|The first excerpt represents the element of Air. It speaks of mental influences and the process of thought, and is drawn from The Communist Manifesto by Karl Marx:
theoretical justification. Therefore, although the originators
of these systems were, in many respects, revolutionary, their
disciples have, in every case, formed mere reactionary sects.
They hold fast by the original views of their masters, in
opposition to the progressive historical development of the
proletariat. They, therefore, endeavour, and that consistently,
to deaden the class struggle and to reconcile the class
antagonisms. They still dream of experimental realisation of
their social Utopias, of founding isolated "phalansteres," of
establishing "Home Colonies," of setting up a "Little Icaria" --
duodecimo editions of the New Jerusalem -- and to realise all
The Communist Manifesto
|The second excerpt represents the element of Fire. It speaks of emotional influences and base passions, and is drawn from The Dynamiter by Robert Louis Stevenson and Fanny Van De Grift Stevenson:
the sinister Gladstone, the rigid Derby, or the dexterous
Granville; but there you would be in error. Our appeal is to
the body of the people; it is these that we would touch and
interest. Now, sir, have you observed the English
'I should think I had,' cried Somerset.
'From a man of taste and a votary of art, I had expected it,'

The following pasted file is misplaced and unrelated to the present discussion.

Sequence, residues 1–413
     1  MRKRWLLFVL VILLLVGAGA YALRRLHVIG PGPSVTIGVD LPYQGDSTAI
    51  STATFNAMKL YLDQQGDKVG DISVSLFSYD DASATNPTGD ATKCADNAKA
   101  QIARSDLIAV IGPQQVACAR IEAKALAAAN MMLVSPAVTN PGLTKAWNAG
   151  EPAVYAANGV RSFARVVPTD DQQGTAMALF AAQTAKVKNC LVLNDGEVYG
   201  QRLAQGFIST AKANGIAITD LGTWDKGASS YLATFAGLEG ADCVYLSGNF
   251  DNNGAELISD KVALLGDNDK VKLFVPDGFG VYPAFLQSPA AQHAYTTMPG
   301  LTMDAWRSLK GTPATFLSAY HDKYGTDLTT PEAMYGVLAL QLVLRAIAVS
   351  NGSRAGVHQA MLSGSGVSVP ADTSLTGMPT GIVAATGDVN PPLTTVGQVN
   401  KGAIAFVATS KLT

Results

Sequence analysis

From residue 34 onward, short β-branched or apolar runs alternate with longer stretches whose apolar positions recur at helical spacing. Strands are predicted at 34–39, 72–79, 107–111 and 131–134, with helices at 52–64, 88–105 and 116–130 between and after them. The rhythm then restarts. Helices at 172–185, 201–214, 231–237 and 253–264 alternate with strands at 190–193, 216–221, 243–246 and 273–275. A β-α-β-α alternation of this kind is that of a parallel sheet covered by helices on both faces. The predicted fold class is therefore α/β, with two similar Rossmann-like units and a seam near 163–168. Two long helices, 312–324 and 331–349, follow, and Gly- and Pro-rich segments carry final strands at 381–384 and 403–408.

returned the conspirator politely. 'A type apart; a very
charming figure; and thoroughly adapted to our ends. The
neat cap, the clean print, the comely person, the engaging
manner; her position between classes, parents in one,
|The third excerpt represents the element of Water. It speaks of pure spiritual influences and feelings of love, and is drawn from The Memorabilia by Xenophon:
it is not even visible?
 Lit. "symmetry." Cf. Plin. xxxv. 10, "primus symmetriam picturae
Soc. Well, but the kindly look of love, the angry glance of hate at
any one, do find expression in the human subject, do they not?
 Or, "the glance of love, the scowl of hate, which one directs
towards another, are recognised expressions of human feeling." Cf.
the description of Parrhasius's own portrait of Demos, ap. Plin.
Parrh. No doubt they do.
Soc. Then this look, this glance, at any rate may be imitated in the
|The fourth excerpt represents the element of Earth. It speaks of physical influences and the impact of the unseen on the visible world, and is drawn from Prince Otto by Robert Louis Stevenson:
imposing silence on his heart, respecting Seraphina's disaffection
as he would the innocence of a child. So, when at length he turned
a corner and beheld the Princess, it was his first thought to
reassure her of the purity of his respect, and he at once ceased
running and stood still. She, upon her part, began to run to him
with a little cry; then, seeing him pause, she paused also, smitten
with remorse; and at length, with the most guilty timidity, walked
nearly up to where he stood.
'Otto,' she said, 'I have ruined all!'
'Seraphina!' he cried with a sob, but did not move, partly withheld
by his resolutions, partly struck stupid at the sight of her